By Steve Mayer

When I started in Robbinsville nearly five years ago, the district’s spending was just about $3 million below what the state deemed necessary to deliver a thorough education for our students.

Today, as we work to prepare the 2014-15 budget, the gap between the spending the state has determined is necessary and the district’s actual spending has widened to $8.2 million. In other words, during the past five years as state expectations for school spending have increased, we, in Robbinsville, have kept a tight rein on spending.

All the while, we have increased expectations for learning and improved programs for students. This has been accomplished through sound fiscal discipline and creative thinking about how to best prioritize programs for students.

Several years ago, after we cut nearly 27 staff positions to balance the 2010 budget, we adopted a strategy that centered on two things: Effectively planning for the future and maintaining outstanding programs for students. This has resulted in proposing staff and program increases strategically and seeking funding options that are outside of the norm for public school districts. Four years after those major staffing losses, Robbinsville Schools has experienced enrollment growth of approximately 300 students. Yet, because we are committed to minimizing the impact of our budget, we have returned only about 18 positions to our roster of faculty. These additions, however, have been strategically leveraged to have the greatest impact on the educational programs in town.

The litmus test for our success as a school system is anchored in the caliber of college acceptances awarded to our high school seniors. We are pleased that as we have increased standards from Kindergarten through graduation, we have seen the caliber of opportunities awarded to graduates escalate. Each year as the number of acceptances to Ivy League and top tier college increases, our graduates appear to be meeting the challenges of college life with a high degree of success. Given the steady increase in class size and our current ability to offer only half the number of Advanced Placement courses available to students in similar school districts, it is critical that this work continue to evolve. We will continue to take strategic steps to create a school environment that delivers on our community’s expectations for all of our children.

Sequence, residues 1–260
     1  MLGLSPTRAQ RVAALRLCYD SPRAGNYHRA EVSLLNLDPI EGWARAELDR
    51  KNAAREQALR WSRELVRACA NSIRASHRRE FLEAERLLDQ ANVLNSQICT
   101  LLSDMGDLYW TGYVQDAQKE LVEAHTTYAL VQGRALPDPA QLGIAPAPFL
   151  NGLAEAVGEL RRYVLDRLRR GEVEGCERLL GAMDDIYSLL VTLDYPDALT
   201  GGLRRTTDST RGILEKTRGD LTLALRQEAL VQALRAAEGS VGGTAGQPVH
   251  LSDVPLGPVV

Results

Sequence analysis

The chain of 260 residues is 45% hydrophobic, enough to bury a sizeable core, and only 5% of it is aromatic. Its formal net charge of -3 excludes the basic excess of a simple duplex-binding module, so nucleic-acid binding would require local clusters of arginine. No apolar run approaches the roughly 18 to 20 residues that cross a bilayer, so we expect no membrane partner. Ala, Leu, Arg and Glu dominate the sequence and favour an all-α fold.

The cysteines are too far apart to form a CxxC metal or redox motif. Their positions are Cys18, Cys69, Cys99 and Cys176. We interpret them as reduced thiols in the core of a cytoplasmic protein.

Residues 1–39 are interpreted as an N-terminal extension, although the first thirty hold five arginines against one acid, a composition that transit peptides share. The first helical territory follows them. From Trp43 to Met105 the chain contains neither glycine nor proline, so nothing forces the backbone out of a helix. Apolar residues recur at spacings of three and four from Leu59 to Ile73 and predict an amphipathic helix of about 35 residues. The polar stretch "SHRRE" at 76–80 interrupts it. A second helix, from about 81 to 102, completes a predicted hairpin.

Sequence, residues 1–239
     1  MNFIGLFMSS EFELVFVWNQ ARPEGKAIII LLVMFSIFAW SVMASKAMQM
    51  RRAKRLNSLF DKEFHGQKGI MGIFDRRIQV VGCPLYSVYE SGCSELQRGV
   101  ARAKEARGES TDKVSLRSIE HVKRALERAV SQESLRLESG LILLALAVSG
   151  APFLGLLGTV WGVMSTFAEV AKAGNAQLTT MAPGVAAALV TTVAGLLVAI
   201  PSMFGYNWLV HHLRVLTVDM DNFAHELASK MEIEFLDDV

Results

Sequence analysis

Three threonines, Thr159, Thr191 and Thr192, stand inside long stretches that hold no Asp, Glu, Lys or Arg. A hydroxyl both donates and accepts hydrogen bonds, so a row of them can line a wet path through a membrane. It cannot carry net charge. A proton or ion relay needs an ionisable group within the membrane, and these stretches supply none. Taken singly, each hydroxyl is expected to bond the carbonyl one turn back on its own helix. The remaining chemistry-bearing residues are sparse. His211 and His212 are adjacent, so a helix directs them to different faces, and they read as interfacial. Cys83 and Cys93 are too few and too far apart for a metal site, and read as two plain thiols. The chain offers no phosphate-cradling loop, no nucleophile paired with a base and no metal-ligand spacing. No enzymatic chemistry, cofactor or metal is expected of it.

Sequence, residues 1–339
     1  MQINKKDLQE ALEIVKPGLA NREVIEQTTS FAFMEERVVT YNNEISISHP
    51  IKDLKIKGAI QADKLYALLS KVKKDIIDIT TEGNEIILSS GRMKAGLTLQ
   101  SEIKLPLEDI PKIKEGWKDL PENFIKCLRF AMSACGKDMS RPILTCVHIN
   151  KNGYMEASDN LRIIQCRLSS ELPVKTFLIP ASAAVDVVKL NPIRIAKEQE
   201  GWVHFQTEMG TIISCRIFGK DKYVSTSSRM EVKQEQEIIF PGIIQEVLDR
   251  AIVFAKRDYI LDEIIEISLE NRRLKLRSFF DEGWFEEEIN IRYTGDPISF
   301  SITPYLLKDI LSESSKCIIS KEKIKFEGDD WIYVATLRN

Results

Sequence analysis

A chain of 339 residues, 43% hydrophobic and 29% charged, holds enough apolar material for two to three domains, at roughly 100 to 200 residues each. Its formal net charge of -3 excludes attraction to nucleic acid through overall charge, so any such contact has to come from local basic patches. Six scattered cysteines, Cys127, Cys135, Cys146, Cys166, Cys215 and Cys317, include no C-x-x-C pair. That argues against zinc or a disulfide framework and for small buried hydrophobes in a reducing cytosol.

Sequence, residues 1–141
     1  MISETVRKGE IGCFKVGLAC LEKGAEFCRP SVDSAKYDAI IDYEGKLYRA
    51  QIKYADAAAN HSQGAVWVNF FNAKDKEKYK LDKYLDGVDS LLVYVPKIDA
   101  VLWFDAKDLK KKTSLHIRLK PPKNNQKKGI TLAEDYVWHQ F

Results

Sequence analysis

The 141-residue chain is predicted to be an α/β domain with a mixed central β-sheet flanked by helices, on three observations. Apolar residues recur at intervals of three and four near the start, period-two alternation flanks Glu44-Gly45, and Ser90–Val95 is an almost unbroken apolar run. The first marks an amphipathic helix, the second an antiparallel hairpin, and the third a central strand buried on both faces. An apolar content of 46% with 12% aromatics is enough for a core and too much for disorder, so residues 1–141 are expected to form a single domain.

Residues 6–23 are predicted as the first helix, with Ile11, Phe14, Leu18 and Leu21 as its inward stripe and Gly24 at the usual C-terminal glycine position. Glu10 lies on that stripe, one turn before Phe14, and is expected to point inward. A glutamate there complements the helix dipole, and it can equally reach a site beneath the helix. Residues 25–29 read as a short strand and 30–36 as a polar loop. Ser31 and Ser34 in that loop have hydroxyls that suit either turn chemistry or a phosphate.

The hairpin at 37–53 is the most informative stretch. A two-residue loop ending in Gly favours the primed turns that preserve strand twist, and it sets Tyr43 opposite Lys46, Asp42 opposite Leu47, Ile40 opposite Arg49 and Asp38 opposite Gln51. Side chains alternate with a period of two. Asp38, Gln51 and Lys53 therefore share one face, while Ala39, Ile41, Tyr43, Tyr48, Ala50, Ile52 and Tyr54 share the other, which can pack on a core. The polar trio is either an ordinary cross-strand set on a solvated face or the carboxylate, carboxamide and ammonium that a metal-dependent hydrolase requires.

In terms of planning for the future, we are very pleased to be working with a comprehensive facilities plan that accommodates enrollment growth and keeps our school buildings in good shape. In the past three years, we have put roofs on Sharon and Pond Road Schools without increasing property taxes. In addition, we are allocating resources to refresh the dated portions of our oldest buildings, and we have drastically improved lighting and heating, ventilation and air-conditioning. Robbinsville is one of only a few districts to leverage two different energy savings initiatives to help restore and refurbish our facilities. We are very pleased to have a confident and competent facilities plan well into the future.

Because we are all working with scarce resources, the annual budget cycle is never easy. As we prepare for public hearings this spring, please know that the cornerstone to the budget process remains in leveraging fiscal prudence, creativity and multi-year planning in order to position our schools and community in the strongest position for moving forward.

Please plan to attend the preliminary budget hearing scheduled for March 6.

Steve Mayer is superintendent of Robbinsville schools.